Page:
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Bernanke's reappointment

Federal Reserve Chairman Ben Bernanke has yet to take his most important test. That will come when the recovery has reached the stage where it is strong enough to support higher interest rates. Move too fast, and the Fed could ruin recovery and trigger a new recession. Move too slow and inflation could take hold as easy money once again distorts the value of assets.

Thanks to the Senate's 70-30 vote to confirm a second term for Bernanke, the world is going to find out if he's up to it.

The recent agonizing Senate fight over Bernanke's reappointment seemed like an exercise in political desperation. This was not the usual partisan fight. Republicans and Democrats joined in the game equally. They seemed spurred by Republican Scott Brown's surprise win in Massachusetts to do something, anything, to shore up their populist credentials. A vote against Bernanke was seen as a vote against bailouts to big banks.

We're glad a majority came to their senses. Utah Sen. Orrin Hatch cited two reasons for his decision to support Bernanke. One was that rejecting him would have caused market turmoil. Wall Street already saw a prelude to that last week as markets trended down in part because of uncertainties over this vote. The other reason had to do with Bernanke's replacement. That would be the choice of President Barack Obama, whose economic philosophy, the senator said, had him "terrified."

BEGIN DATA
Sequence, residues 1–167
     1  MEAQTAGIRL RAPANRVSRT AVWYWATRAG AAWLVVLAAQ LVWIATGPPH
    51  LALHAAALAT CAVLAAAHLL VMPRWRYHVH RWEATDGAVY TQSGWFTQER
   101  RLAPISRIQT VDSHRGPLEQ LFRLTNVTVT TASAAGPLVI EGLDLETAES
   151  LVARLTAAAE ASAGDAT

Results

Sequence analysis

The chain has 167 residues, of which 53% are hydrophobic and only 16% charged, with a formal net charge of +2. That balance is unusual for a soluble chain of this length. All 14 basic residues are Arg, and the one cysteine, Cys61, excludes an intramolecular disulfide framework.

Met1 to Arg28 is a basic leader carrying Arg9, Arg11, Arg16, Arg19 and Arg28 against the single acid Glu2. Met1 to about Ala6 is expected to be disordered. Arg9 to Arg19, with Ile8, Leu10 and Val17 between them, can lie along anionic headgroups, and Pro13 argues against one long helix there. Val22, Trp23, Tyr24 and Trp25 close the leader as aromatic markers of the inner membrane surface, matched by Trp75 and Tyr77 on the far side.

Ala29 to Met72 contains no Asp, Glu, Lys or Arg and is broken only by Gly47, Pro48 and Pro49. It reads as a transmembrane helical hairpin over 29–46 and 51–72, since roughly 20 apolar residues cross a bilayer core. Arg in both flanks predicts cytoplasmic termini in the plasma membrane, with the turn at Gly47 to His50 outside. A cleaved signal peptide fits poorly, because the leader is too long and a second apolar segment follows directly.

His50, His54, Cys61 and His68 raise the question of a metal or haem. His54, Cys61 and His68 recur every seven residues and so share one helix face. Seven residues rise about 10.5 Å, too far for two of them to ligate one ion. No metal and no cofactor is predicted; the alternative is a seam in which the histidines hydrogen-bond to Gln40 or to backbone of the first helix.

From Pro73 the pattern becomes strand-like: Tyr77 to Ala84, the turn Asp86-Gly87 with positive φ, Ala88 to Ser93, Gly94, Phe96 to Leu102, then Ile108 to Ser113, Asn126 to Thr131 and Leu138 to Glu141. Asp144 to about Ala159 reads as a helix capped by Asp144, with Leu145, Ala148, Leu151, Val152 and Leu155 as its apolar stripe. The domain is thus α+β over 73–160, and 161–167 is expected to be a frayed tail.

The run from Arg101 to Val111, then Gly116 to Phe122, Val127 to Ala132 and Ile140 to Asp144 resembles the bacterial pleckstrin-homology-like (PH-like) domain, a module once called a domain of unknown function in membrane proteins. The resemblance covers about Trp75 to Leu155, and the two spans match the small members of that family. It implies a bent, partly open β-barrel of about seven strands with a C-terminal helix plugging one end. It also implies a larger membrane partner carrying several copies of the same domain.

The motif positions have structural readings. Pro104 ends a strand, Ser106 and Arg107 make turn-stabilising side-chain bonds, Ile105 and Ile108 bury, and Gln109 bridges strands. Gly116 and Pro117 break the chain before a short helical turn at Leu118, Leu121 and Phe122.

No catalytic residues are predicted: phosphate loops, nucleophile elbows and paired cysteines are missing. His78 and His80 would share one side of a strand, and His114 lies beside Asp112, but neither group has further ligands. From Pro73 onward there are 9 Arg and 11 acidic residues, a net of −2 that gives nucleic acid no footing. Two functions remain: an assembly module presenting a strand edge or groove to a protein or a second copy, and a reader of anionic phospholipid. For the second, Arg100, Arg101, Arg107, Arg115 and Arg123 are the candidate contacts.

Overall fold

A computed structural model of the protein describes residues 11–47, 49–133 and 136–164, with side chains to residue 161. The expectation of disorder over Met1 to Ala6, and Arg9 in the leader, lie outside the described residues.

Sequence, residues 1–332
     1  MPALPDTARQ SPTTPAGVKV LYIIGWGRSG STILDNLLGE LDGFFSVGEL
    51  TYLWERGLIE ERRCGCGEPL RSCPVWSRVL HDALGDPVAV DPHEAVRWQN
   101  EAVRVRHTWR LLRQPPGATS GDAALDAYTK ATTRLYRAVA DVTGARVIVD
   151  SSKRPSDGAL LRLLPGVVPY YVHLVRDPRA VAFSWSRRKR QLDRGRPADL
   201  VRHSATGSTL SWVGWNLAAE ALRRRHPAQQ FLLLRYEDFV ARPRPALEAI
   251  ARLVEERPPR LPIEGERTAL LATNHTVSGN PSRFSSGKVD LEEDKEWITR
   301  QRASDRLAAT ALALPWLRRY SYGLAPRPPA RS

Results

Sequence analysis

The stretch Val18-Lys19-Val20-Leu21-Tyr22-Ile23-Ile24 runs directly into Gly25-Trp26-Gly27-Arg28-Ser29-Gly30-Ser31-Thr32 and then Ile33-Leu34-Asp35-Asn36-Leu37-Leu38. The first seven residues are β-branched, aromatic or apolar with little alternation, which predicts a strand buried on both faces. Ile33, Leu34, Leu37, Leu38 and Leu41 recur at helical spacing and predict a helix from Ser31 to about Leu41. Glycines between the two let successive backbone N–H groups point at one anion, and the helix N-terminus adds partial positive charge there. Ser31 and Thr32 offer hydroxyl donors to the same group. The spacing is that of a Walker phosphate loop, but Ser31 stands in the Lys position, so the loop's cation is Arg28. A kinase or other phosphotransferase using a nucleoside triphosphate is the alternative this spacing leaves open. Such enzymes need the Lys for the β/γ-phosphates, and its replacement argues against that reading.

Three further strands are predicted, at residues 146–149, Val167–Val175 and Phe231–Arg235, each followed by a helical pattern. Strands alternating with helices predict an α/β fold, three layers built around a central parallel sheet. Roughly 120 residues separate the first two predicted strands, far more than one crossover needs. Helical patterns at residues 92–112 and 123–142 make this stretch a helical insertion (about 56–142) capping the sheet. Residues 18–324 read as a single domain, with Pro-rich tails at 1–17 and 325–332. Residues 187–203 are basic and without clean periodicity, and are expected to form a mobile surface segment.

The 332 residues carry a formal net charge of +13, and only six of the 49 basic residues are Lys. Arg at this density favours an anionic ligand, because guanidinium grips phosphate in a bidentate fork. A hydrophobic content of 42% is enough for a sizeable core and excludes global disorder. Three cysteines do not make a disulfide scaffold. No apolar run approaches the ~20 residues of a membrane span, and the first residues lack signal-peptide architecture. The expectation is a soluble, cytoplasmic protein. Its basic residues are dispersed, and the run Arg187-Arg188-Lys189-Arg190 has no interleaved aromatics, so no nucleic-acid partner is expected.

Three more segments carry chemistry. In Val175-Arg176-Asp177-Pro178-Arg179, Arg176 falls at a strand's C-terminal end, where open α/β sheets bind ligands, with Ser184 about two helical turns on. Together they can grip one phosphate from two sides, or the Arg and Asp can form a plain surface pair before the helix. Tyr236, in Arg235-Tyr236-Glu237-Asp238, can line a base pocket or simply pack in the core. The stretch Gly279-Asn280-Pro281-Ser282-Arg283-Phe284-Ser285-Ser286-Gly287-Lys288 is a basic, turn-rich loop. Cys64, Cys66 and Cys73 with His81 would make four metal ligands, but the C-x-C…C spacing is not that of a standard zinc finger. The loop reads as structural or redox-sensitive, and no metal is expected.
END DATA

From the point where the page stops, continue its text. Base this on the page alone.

We share that sense of terror. However, we also feel much of the criticism leveled at Bernanke has been short-sighted.

History will never know what might have happened if Bernanke had not rescued certain financial firms, flooded the markets with money and slashed interest rates. We do, however, know what did happen. A free market's biggest enemy is widespread panic. The Fed managed to squelch that just as it was gaining ground.

Critics also say Bernanke helped cause the crisis by failing to see warning signs and allowing regulators to be lax. This is true, but only partially. Congress and the White House did a lot to fuel the crisis as well, pushing policies that made credit more readily available than at any time in history.

Bernanke may have to pay for his reappointment by submitting to audits and other forms of transparency. In requiring this, Congress needs to take pains to ensure the Fed remains as independent of political pressures as possible.

The real test is yet to come. Given all he has been through, Bernanke may be better qualified than anyone to meet it.